South Florida lawmaker who took NRA cash after Parkland votes for background checks

The National Rifle Association is running out of friends in South Florida.

Republican Rep. Mario Diaz-Balart, who received campaign cash from the NRA four months after the Parkland shooting, distanced himself from the nation’s largest pro-gun lobby and sided with Democrats to expand background checks last week. Diaz-Balart’s new stance blunts a potential 2020 campaign talking point for Democrats, who hammered him on his gun record last year but still came up 21 percentage points short of unseating one of the most well-known figures in Miami politics.

Diaz-Balart says his support for expanding background checks does not represent a philosophical shift on guns, though he did not add his name as a co-sponsor for a background check bill in the last Congress that received the support of 210 lawmakers, including 14 Republicans. He also voted in favor of an NRA-backed bill in 2017 that would have made it easier for gun owners with concealed carry permits to transport their weapons across state lines.

“The bill is super flawed but I figured that it is actually the closest one to being a real effort to get something that might be able to get negotiations in the Senate,” Diaz-Balart said in an interview. “The concept of people having background checks is obviously something I support. The bill wasn’t well-drafted but I figured it’s not a bad place to start and we’ll see what happens.”

In 2018, Diaz-Balart was attacked over his stance on guns by Democratic opponent Mary Barzee Flores, Parkland parents and a host of national gun control groups. Diaz-Balart is also the single largest recipient of direct NRA campaign cash among Floridians in Congress since 1998, partially due to his status as the state’s longest-tenured Republican.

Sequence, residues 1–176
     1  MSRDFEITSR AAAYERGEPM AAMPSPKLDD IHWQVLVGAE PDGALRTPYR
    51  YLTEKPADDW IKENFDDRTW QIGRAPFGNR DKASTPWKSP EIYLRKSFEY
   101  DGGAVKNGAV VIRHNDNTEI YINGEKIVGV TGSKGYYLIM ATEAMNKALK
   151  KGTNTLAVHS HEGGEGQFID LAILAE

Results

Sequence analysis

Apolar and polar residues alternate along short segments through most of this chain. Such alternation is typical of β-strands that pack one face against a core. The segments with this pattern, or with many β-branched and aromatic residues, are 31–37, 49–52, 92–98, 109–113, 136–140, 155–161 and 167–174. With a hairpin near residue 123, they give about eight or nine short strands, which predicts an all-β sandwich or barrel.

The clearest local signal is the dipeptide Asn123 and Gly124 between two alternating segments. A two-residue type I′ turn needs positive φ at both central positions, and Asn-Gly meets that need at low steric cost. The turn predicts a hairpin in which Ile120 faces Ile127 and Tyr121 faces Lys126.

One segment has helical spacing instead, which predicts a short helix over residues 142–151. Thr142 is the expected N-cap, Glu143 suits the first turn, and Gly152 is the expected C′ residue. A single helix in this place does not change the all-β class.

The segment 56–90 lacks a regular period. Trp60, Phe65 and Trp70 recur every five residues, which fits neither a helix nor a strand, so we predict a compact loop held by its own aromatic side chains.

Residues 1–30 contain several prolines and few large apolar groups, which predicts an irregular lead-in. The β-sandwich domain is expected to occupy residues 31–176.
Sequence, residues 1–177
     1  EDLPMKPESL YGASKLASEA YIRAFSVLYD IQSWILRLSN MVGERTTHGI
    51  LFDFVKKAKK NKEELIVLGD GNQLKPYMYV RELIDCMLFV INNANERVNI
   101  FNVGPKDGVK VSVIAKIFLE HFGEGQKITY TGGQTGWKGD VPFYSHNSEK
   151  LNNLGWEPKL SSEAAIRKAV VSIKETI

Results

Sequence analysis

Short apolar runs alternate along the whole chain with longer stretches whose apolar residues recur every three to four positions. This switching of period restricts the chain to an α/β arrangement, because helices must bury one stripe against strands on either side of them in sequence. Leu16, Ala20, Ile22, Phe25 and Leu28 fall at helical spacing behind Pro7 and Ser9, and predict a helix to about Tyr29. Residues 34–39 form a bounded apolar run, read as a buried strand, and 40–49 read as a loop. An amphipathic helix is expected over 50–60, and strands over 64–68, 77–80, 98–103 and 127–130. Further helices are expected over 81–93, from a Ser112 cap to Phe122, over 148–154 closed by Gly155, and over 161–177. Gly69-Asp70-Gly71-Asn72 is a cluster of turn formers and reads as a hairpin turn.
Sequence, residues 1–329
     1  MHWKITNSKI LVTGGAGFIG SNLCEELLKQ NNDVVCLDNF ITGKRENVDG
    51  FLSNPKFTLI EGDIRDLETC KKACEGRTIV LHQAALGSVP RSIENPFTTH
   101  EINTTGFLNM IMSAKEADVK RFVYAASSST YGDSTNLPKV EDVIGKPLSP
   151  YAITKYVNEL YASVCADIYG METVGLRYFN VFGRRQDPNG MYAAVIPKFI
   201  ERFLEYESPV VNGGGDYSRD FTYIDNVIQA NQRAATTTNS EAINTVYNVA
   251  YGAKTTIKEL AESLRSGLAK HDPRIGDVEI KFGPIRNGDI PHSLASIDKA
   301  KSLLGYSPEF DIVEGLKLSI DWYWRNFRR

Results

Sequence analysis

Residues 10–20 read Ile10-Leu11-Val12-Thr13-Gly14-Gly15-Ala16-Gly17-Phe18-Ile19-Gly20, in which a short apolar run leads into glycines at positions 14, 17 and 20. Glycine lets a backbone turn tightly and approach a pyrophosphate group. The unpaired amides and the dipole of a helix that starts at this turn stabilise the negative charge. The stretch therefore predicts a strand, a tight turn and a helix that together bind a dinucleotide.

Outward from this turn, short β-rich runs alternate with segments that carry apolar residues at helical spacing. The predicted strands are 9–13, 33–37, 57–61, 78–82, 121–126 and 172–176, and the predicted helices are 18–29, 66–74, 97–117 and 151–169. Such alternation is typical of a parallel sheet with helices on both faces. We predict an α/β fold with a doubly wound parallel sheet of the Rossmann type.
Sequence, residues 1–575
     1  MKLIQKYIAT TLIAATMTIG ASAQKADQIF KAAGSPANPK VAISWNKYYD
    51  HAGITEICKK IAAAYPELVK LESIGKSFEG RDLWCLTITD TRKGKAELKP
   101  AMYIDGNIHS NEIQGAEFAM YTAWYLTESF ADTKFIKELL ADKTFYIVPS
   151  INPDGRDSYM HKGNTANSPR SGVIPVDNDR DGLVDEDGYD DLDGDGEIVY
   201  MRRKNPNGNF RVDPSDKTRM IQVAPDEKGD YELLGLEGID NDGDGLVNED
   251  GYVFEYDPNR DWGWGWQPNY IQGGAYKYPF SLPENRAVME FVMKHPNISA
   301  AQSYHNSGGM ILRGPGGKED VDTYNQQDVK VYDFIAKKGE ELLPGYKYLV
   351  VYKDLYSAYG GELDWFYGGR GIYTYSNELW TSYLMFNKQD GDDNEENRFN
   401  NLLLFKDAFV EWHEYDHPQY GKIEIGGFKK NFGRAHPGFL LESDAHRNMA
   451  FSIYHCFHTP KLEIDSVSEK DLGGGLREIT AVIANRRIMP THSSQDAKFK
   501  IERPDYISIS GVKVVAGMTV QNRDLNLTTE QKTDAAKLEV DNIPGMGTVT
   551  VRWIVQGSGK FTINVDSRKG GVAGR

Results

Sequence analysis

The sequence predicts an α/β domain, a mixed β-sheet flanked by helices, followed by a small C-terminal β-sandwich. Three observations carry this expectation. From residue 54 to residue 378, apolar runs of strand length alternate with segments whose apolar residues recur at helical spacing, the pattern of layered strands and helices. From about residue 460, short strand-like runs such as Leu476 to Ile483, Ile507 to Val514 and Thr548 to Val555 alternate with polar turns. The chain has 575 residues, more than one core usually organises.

Though he easily won reelection last year, 2020 could be a different story for Miami’s only House Republican in a district where President Donald Trump is not popular.

The bill Diaz-Balart voted for would require a background check on every gun sale or transfer of a gun. While federal law already instructs licensed gun dealers to conduct background checks, the new bill would require gun sellers who are not licensed under the current system to perform background checks through licensed dealers. Currently, unlicensed gun sellers are allowed to legally sell guns at gun shows, online and in-person without conducting a background check.

The Giffords Center to Prevent Gun Violence, which spent $300,000 on radio ads against Diaz-Balart during his campaign last year, praised his vote.

“I think in terms of the Diaz-Balarts of the world, you look at the politics shifting and you see that in the past cycle, voters in these suburban districts are fed up with politicians who take money from the NRA,” Giffords executive director Peter Ambler said. “We weren’t able to beat him like we did so many others but clearly he is feeling the heat.”

Diaz-Balart’s West Miami-Dade district that stretches across the Everglades to Naples is now the most densely populated congressional district in the country held by a Republican after many in the GOP who represented suburban and urban areas were swept out of office last year. Ambler said Diaz-Balart likely took note when other longtime incumbents like Houston Rep. John Culberson lost reelection last year after being pressured on guns.

The NRA isn’t happy with Diaz-Balart.

“Obviously, we are disappointed, as are many of his constituents,” NRA spokeswoman Amy Hunter said, adding that the organization will be watching Diaz-Balart’s votes and statements on gun legislation in the current Congress before making any decisions on downgrading his “A” grade or applying other forms of political pressure.

“We really look into the totality of someone’s record,” Hunter said. “A lot of factors go into how we score candidates so voters know who they’re voting for and whether they favor gun rights or not.”

Diaz-Balart said the NRA’s positions and past political support do not determine his vote.